As the final public release of the 2.8 series, Blender 2.83 is the software’s most comprehensive and definitive iteration to date. The newest Blender release is 2.90 (as of August 2020), but it’s still prone to potential bugs, security fixes, and updates. Version 2.83, on the other hand, has achieved Long Term Support (LTS) status,

Blender 2.83 and 2.90 have shown the 3D modeling industry that it’s a software to be reckoned with; commanding versatility with familiarity and accommodating all users with its open-source, eternally free business model. However, this simplicity doesn’t always translate well when Blender users try to use a cloud-based render farm to quickly render a scene.

No matter what your preferred style may be, not all designers are after true-to-life, photo-realistic scenes in their renderings. Non-photo-realistic (NPR) art is also in demand for 3D artists, and sometimes they want a more expressive, comic-like final render; perhaps like an animated film for kids. Blender’s solution comes in the form of Freestyle. Let’s

Image Based Lighting (IBL) is a very easy and high-quality simulation of real-world lighting. You can project an environment map onto a virtual sphere that acts as a scene environment. The projected map is used to illuminate the scene and add reflection to the surface of the object. How to Use ProRender’s IBL in Maya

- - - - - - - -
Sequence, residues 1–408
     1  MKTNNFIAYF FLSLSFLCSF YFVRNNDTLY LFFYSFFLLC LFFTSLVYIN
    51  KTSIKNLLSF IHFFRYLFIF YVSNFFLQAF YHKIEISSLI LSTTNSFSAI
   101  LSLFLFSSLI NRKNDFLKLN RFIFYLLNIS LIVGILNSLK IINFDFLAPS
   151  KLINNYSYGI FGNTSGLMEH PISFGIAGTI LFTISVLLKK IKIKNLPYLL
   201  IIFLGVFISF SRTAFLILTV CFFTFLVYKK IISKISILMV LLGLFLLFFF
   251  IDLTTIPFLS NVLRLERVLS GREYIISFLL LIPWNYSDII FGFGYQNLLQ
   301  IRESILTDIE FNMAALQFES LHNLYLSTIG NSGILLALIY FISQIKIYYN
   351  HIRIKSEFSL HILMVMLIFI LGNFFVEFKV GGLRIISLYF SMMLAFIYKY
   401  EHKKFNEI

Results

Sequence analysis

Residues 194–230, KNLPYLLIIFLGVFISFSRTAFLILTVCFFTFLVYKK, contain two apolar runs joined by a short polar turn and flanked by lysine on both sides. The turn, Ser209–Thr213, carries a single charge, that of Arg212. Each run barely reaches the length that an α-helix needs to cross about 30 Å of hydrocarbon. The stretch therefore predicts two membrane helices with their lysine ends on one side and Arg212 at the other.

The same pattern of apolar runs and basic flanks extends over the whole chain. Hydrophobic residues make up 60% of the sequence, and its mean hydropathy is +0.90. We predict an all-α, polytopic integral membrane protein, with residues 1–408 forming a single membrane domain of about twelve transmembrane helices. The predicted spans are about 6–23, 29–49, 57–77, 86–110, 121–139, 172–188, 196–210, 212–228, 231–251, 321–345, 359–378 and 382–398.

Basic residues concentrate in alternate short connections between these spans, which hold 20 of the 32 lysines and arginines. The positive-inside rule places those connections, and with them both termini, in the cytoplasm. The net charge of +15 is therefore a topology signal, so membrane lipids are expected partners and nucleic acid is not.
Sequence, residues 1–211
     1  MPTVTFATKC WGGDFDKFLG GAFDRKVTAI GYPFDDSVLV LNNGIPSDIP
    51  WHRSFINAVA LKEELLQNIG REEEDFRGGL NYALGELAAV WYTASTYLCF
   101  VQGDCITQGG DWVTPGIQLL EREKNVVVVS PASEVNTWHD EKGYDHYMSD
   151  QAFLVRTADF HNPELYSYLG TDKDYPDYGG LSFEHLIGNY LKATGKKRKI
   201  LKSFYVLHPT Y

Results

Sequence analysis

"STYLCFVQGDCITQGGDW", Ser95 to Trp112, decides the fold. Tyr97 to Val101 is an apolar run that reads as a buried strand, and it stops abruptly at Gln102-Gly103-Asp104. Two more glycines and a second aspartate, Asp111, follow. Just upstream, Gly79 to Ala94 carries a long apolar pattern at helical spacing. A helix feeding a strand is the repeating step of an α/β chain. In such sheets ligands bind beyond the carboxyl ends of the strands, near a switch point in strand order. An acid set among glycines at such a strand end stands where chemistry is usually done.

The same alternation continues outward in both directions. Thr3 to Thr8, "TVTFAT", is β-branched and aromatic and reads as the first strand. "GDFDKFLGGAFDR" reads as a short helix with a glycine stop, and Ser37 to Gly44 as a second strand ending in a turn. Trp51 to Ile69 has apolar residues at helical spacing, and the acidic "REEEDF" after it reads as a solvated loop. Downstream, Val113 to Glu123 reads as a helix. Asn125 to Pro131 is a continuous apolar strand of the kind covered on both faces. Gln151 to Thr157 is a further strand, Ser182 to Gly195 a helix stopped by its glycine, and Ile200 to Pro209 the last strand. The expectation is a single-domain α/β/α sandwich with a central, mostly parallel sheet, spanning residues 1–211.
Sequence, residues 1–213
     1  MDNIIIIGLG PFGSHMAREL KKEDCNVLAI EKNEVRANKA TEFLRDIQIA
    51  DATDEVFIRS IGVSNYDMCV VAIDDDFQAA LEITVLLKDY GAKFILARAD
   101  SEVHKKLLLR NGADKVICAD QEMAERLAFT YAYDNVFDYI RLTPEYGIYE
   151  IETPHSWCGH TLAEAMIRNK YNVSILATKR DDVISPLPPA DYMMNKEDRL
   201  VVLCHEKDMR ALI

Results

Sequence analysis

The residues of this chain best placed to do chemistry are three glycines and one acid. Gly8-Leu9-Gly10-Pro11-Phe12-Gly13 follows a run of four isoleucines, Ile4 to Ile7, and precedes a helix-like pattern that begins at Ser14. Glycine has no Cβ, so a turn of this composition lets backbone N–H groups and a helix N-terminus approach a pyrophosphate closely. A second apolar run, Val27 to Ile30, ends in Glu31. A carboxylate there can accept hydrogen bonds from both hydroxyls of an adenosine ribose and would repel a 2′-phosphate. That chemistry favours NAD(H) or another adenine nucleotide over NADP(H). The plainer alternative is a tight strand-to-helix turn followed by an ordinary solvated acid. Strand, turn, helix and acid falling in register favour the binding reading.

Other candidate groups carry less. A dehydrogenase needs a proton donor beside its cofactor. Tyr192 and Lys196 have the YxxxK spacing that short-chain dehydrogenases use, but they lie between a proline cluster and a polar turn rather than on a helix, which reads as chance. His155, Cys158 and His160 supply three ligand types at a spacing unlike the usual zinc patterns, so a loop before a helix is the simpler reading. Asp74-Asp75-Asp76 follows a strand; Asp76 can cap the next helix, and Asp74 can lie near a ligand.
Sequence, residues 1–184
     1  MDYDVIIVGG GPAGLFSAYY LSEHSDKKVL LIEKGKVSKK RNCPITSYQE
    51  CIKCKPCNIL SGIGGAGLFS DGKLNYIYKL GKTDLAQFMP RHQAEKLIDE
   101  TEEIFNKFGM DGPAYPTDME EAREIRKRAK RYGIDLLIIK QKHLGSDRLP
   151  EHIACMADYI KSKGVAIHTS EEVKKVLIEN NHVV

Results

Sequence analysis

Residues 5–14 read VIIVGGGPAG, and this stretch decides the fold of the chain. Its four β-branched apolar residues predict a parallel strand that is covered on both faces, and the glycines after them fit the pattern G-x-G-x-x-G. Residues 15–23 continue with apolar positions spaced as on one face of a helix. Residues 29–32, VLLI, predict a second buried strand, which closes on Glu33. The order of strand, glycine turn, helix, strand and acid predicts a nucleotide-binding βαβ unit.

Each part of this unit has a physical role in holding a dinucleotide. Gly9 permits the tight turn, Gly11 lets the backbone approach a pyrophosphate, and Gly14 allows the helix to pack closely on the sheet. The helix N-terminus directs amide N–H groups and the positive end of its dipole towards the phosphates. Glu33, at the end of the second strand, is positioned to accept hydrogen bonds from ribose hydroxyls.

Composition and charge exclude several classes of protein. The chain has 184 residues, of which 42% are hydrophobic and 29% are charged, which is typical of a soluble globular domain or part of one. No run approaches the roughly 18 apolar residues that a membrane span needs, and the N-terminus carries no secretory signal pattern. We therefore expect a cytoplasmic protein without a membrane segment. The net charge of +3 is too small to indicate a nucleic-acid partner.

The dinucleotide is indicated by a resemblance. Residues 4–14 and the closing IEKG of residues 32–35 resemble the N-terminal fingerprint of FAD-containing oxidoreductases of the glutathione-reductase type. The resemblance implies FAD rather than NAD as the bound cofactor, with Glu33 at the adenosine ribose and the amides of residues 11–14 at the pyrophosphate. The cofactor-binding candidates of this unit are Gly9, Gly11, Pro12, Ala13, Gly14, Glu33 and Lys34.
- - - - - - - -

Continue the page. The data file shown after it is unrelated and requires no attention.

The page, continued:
Settings in the System tab allows for control of the basic system behavior. In AMD Radeon ProRender, system settings allow you to select the hardware used for rendering and for settings such as final rendering and preview (viewport render and thumbnail images). For viewport rendering and thumbnails, it’s best to choose a lower-quality setting or

The Common tab in AMD Radeon ProRender is used for setting up your file’s render output. Most of these settings and parameters work exactly like the render engine that comes built into Maya. Please look at the Render settings: Common tab information in Maya’s user documentation for more information. EXR Output Radeon ProRender supports its

Arbitrary Output Variables (AOVs) provide custom render passes for arbitrary shader components. This can be a good way for artists to debug or tweak very fine details of a scene in post processing. There are a variety of elements such as direct and indirect lighting, reflection types, ambient occlusion, and more. These render passes provide